Monthly Archives: March 2011

The Nicholas Brothers (and a brief hiatus)

I have always had a soft spot for tap dance. John Canemaker showed us this video in my action analysis class, and I was absolutely blown away. Watch it – you won’t regret it!

For the next week or so, I am going to cut the internet from my daily routine and will not be posting anything. I am attempting to finish animating my film on a very limited schedule and trying to cut down on distractions (a lot of caffeine will be involved.)

Bill Peet

My love for Bill Peet is proving to be exponential (right along with my love for Michael Sporn’s blog.) Currently, Michael Sporn is posting one illustration each from twenty-six of Peet’s children’s books. Check out the first thirteen here. He’s also posted the final illustrations from Cappyboppy here.

(I think Cappyboppy’s still in the lead for my favorite. Just look at him!)

Titles in the order they appear: “Chester, the Worldly Pig”, “Buford the Little Big Horn”, “The Wump World”, “The Pinkish, Purplish, Bluish Egg”, and of Course, “Cappyboppy.”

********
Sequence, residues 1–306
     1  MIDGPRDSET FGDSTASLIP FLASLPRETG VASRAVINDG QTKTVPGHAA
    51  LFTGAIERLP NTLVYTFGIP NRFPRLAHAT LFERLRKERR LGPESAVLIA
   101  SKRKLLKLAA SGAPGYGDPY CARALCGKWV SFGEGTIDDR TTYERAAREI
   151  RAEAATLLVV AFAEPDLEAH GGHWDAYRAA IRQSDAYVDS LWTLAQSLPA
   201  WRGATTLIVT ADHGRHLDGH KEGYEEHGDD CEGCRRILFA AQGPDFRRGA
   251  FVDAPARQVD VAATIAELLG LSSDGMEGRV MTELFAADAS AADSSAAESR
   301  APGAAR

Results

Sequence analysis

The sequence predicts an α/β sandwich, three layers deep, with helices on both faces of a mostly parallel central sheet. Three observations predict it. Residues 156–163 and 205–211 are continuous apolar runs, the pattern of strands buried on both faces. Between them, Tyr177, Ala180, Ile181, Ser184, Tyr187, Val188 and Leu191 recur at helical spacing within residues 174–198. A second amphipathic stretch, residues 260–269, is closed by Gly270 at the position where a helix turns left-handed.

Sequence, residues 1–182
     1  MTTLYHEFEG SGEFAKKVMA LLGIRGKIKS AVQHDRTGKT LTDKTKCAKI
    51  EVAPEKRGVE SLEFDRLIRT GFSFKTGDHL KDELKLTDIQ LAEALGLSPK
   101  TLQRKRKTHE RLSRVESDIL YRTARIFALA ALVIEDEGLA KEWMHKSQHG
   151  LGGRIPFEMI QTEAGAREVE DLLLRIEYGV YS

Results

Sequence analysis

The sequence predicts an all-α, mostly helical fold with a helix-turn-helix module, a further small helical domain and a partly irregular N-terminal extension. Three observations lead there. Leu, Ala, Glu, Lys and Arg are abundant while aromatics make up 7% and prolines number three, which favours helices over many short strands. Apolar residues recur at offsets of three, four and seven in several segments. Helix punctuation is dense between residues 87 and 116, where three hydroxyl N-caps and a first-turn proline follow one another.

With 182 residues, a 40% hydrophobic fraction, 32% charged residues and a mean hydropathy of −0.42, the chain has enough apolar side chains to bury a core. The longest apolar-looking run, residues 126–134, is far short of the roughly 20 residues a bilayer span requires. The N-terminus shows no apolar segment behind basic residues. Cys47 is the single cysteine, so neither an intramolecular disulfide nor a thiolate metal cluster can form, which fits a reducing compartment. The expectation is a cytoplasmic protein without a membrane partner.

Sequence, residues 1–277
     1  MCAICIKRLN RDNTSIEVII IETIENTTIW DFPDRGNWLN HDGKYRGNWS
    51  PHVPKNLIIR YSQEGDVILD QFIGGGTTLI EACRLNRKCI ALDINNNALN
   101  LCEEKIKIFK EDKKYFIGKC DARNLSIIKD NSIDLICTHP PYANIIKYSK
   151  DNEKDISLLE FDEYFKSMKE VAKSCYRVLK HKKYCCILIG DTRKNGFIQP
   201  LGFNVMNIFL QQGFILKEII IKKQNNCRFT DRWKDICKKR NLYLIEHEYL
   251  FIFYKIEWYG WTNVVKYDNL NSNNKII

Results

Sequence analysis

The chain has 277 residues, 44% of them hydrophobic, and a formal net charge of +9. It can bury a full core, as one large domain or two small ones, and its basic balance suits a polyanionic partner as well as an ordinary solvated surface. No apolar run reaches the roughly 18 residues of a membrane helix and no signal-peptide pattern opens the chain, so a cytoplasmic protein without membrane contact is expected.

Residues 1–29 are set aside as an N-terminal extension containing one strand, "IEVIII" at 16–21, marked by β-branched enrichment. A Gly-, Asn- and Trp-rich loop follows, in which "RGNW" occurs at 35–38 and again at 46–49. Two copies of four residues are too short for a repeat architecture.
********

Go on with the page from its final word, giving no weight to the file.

Chris Sanders

This is a short that Chris Sanders (Lilo and Stitch, How to Train Your Dragon) made when he was at Cal Arts. It’s not the best quality video, but it’s beautiful hand-drawn animation.

Mary Blair


I am in the last 5 weeks of production on my thesis film (meaning the deadline is 5 weeks away and I am scrambling to schedule all of the final steps into such a small amount of time. also meaning I have not had as much time for blog posts lately, which I apologize for!) Lately I have been doing some research on background design and color to start getting excited and inspired, and today Mary Blair is standing out to me. Above is some of her concept work for Peter Pan. Much MUCH more can be found on Michael Sporn’s blog.

Jan Lenica

From the looks of it, Jan Lenica did everything: music, architecture, poster-making, costume design, children’s book illustration, film, and animation. His cutout animations (see the youtube link above) heavily influenced both Jan Švankmajer and Terry Gilliam. Read more about his career here.

{via 50 Watts}

Olaf Hajek

Paintings from the ever-talented Olaf Hajek.

{via dark silence in suburbia – thank you for reminding me of his work!}

Yasuhide Kunimoto

Paintings by Yasuhide Kunimoto.

{via the jealous curator}

Yusuke Suzuki

These photographs by Yusuke Suzuki make the 5-year-old in me so jealous. And yes, that last photo is a book bed.

Dietrich Wegner

Sculptures by Dietrich Wegner.

{via freak show}

Bill Peet

Illustrations by Bill Peet, storyman for many of the early Disney films  (Jungle Book, 101 Dalmatians, Sword in the Stone, Alice in Wonderland, and Dumbo, just to start) Michael Sporn has been posting illustrations from Peet’s lovely book on his blog. I highly recommend taking a look at what’s already been posted and checking back for Part 3.

More illustrations after the jump.

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